Delightful interview with a former Setonian editor-in-chief who’s now doing SEO

As a student journalist, Jessie totally revamped the print publications and the website, unifying them with design elements from the Sisters of Charity (the religious order that founded our school) and rounded rectangles that echoed the interface of the iPads (which were at the time a brand new part of SHU’s student technology plan). The way she blended tradition and high-tech is a product of the flexibility of a liberal…

What Is Newsworthy? (10m animated lecture)

How do journalists determine what events are worth covering? “Dog bites man” is routine, but “man bites dog” is unusual, so it’s more newsworthy. Unusual events are more newsworthy than ordinary events. Important people, and ordinary people who do important/unusual things are more newsworthy than ordinary people who do ordinary things. Events with a significant impact are more newsworthy than events with a trivial impact. Events that affect many people…

Make your case stronger – argue against yourself

Academic argument depends on being able to produce the best possible information, presented in a convincing sequence. But we are usually advised we also need to take account of counter points. We need to consider and deal with different positions and troubling information. Wearing blinkers while arguing trips us up, stops us being credible. An obvious way to address the negative is to find alternative views in the literature, or…

1993: Curses (Aaron A. Reed’s “50 Years of Text Games”)

The latest in Aaron A. Reed’s monumental project” 50 Years of Text Games” focuses on Graham Nelson’s programming language Inform, and in particular his game “Curses.” “You have to get a coin from the temple of zeus to buy the ekmek,” explained one responder. “To do that you need to use the rod of luck. To use the rod of luck you have to change the nature of the universe.”…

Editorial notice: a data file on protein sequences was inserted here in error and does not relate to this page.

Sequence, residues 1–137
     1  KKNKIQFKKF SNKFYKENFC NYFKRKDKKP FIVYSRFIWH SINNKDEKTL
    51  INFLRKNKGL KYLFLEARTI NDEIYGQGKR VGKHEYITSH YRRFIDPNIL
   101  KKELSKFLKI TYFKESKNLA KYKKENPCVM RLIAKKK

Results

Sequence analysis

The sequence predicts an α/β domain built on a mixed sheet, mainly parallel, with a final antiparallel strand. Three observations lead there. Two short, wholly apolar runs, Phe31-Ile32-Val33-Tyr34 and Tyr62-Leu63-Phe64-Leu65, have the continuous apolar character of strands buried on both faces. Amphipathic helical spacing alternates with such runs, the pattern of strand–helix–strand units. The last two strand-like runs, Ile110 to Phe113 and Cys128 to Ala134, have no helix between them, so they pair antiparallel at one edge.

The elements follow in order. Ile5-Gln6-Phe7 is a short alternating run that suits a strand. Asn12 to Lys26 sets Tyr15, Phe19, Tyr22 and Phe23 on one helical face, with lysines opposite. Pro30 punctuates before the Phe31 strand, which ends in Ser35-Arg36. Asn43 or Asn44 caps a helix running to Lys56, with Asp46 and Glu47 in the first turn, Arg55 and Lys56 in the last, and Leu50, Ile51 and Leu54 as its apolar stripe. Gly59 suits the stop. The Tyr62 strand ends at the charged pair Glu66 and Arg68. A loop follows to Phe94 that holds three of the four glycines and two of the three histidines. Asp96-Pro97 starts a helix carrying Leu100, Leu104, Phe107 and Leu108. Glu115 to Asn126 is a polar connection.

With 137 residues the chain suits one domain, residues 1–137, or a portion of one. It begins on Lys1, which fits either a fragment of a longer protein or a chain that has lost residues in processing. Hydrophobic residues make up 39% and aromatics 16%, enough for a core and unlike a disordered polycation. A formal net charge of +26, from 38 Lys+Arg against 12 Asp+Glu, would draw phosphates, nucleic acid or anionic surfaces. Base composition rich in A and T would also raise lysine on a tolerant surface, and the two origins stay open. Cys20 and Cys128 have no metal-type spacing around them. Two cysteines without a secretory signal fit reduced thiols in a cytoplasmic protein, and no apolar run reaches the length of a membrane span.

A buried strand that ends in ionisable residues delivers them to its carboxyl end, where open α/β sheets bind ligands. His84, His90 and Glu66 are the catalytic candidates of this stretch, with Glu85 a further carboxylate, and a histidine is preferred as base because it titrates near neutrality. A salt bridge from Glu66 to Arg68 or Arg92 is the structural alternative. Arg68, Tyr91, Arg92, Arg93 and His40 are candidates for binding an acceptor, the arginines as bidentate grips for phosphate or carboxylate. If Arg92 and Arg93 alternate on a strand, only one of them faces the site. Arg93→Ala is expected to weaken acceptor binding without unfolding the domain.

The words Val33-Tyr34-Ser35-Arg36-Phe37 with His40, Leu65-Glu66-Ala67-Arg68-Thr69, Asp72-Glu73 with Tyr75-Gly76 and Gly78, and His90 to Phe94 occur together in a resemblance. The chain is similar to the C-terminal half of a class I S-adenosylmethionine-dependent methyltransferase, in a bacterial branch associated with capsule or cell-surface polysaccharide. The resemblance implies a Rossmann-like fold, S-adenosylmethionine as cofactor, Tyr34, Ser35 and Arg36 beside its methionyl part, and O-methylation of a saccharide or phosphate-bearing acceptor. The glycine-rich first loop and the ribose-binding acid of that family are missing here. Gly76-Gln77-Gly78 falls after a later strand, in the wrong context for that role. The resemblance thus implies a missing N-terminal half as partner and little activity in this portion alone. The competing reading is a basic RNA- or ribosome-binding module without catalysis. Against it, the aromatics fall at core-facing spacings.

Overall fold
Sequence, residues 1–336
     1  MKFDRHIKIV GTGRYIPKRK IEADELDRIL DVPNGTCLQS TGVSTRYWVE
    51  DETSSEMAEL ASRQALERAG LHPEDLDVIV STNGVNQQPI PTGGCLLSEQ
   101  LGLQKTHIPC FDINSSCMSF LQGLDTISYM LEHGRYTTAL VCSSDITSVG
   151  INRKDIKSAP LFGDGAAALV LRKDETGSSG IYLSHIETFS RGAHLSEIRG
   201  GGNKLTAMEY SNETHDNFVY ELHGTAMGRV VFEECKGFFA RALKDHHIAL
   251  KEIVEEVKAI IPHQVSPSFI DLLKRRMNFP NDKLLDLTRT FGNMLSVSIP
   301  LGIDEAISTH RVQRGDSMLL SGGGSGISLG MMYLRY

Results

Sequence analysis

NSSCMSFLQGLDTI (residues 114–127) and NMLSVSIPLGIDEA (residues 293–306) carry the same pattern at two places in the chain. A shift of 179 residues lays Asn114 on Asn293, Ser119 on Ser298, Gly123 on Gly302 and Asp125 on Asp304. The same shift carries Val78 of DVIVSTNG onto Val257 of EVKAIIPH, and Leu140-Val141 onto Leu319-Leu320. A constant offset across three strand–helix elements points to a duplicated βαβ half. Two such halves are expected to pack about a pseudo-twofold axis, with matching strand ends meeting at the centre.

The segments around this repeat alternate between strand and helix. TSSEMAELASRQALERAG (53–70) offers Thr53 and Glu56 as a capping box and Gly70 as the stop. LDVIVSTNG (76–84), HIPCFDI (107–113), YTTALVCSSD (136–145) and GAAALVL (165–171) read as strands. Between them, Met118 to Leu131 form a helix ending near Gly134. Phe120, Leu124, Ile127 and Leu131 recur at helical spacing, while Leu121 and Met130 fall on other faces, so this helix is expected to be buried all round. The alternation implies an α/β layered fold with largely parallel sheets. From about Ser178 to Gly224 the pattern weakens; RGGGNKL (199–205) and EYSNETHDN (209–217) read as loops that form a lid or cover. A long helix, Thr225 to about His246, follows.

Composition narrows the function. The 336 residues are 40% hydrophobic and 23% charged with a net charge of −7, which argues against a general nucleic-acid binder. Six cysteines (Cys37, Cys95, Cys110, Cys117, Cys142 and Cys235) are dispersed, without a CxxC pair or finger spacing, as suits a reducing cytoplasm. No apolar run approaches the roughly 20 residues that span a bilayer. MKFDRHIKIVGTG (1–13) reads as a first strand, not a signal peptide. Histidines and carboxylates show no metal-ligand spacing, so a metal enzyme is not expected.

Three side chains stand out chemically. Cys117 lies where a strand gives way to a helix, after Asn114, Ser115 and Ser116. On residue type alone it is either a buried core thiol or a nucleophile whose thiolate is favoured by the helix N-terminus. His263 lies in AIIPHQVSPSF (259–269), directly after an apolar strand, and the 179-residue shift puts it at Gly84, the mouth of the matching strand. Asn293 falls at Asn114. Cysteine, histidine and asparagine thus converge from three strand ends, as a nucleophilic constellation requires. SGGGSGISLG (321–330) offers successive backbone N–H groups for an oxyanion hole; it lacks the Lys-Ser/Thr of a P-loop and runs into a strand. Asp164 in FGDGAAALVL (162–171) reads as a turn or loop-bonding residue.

Dennis G. Jerz | Associate Professor of English -- New Media Journalism, Seton Hill University | jerz.setonhill.edu Logo

In May, 2001 I was blogging about lanuguage, design and Cliffs Notes

In May 2001, I was blogging about Business and the English language (a humorous rant against business jargon) — Clint Witchalls, Spectator Some features you may need on your computer (like “Extend Deadline” and “Read Bosses’ Minds” The Creator of Cliffs Notes has Died (though I know you won’t read his whole obituary) “Telling the Truth about Damned Lies and Statistics“ The Gist Generation –Jeff Barbian Bad Design Can Be…

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A friend asks: “Would it be bad form to point out the typos in my class materials?” My answer: Probably yes.

After I posted my grades for this term, I made a dumb typo in this celebratory meme, and a friend pointed out the error on social media. Another friend, who is just starting a new grad program, asked: Curious, would it be bad form to point out the typos in my class materials? I’d say that correcting an instructor’s proofreading errors is probably not the best way to start an…

If You’re An English Major You Should Take a Journalism Class–Even If You Think You Hate Journalism

Journalism is not everyone’s cup of tea. The short, blunt paragraphs and inverted pyramid that tells readers exactly who, what, where, when and how from the get-go are creative writers’ worst nightmares. There is virtually no element of suspense, no character development, and no world building. Right? Well, not exactly. Just like creative writing, journalism is detail-driven and can include humor and depth. Quotations add dimension and often a human-touch to a news story. Experienced journalists know to keep bias out…